Jack Nicklaus, Arnold Palmer and Gary Player kick off 2013 Masters

Honorary starter Arnold Palmer punches the air after Honorary starter Arnold Palmer punches the air after hitting off the first tee before the first round of the Masters. (April 11, 2013) Photo Credit: AP

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AUGUSTA, Ga. - One of the great appeals of the Masters is that past and present blend so well. Today, for instance, a few hours before 14-year-old Tianlang Guan was to tee off as the event's youngest-ever competitor, the Big Three showed what a draw golfers can be in their 70s and 80s.

Arnold Palmer, Gary Player and Jack Nicklaus -- in that order -- were introduced by Masters chairman Billy Payne to loud ovations from a big crowd, opening the 77th Masters as honorary starters. The sentiments around that first tee weren't just ceremonial, though. They were real.

"This is a special place," said Nicklaus, 73. "The people who come here love the game of golf. That's why they come. They love anything from the history of the game to the newcomers to the game. They see it here at Augusta. It's pretty special."

Palmer got it going by ripping his shot solidly. "Right down the middle," the 83-year-old said. "My best drive of the year."

"I haven't played much at all, just a few times here and there," said Palmer, who acknowledged that he still likes going out and hitting balls on a range near his home in Florida, and that he does that more often than he gets out on the course. He appreciates the history of the sport, aside from being a major part of it. Palmer recognizes the significance of appearing with the other two men who essentially ushered in the modern era of golf and popularized it as a mainstream sport.

"We've been doing it together all our lives, so it's a great thing," he said of the role they played Thursday morning.

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He also knows that this is a historic year at Augusta, what with Darla Moore and former U.S. Secretary of State Condoleezza Rice having been admitted as the first women members. "I think it's great the ladies are here. I know them and they're very nice people and I think they'll add to the club," Palmer said.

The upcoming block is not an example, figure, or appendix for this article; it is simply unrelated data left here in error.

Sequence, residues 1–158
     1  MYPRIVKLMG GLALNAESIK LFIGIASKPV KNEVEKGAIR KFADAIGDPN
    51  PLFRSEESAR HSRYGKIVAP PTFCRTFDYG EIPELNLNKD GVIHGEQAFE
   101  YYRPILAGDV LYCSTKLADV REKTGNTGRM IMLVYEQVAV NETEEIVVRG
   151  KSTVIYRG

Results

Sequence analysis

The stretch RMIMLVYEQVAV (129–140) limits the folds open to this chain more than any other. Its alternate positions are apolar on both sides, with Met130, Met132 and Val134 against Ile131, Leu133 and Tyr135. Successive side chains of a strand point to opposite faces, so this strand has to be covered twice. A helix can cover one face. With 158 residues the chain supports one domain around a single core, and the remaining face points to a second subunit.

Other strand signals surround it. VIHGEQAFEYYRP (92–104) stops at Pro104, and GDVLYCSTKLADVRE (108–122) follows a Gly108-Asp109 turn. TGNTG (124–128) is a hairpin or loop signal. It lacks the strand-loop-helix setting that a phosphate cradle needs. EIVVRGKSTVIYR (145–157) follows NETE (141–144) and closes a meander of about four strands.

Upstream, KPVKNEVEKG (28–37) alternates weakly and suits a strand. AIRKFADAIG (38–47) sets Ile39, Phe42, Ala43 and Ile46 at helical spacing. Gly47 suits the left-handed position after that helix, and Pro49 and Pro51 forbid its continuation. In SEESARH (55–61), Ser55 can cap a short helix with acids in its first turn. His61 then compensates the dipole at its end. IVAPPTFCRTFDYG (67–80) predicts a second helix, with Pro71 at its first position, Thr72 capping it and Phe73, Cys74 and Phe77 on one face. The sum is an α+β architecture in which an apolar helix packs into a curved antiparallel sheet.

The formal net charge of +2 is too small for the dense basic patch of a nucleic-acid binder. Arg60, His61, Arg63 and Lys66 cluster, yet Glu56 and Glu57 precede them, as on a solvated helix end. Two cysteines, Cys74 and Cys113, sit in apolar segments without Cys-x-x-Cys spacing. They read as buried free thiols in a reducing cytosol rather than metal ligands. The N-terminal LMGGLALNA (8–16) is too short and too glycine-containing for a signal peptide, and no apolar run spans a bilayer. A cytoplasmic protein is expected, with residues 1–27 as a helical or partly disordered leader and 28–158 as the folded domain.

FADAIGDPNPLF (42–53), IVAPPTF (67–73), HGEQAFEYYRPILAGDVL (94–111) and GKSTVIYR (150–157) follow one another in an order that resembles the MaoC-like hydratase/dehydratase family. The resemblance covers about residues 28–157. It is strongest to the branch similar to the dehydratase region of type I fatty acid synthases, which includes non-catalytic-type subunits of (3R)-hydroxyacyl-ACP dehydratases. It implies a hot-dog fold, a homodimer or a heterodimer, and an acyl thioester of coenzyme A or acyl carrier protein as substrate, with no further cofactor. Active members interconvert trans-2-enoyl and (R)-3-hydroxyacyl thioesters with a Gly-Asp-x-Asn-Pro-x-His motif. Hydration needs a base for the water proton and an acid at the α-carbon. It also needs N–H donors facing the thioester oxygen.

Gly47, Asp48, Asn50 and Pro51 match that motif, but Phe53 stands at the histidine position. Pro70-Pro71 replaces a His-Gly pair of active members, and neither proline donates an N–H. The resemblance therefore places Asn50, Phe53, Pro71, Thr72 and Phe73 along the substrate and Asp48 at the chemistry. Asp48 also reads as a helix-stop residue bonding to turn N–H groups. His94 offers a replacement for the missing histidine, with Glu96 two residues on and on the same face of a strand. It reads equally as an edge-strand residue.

Nicklaus doesn't play much golf any more either, but he did bring a group to Augusta recently. Unfortunately for them, it rained so they couldn't use golf carts. Nicklaus walked 18 for the first time in a couple of years, he said, and did so in a pair of new shoes. "My feet hurt when I was done, but no blisters," he said.

The six-time champion was diplomatic when he was asked who might win this Masters. He first mentioned Tiger Woods, then spoke of Rory McIlroy, Phil Mickelson, Keegan Bradley, Adam Scott, Luke Donald, Lee Westwood and Dustin Johnson. "Don't overlook Nicolas Colsaerts either," he said of the long-hitter from Belgium who is making his Masters debut. Nicklaus jokingly asked if he had missed anybody.

Most pertinent, he didn't miss the ball with his swing. He said the three honorary starters all warmed up, then had to wait nine minutes to hit their well-documented shots. "You get all stiff. We can't wait nine minutes after we hit a [practice] ball," Nicklaus said. "Arnold made good solid contact, he was absolutely delighted. Gary, I don't know how he hit his. I pulled mine a little bit. They'll chase them and bring them back."

When he was asked if he was nervous, Nicklaus said, "The only nerve is to make sure you make contact with the golf ball, it makes diddly-darn where it goes."

He was going home soon after his appearance on the first tee. He is scheduled to receive an award from the Florida State Senate on Friday; will attend the spring football game Saturday at Florida State, where his grandson Nick O'Leary plays and will go fishing on Sunday, and watch the Masters by satellite hookup on his boat.

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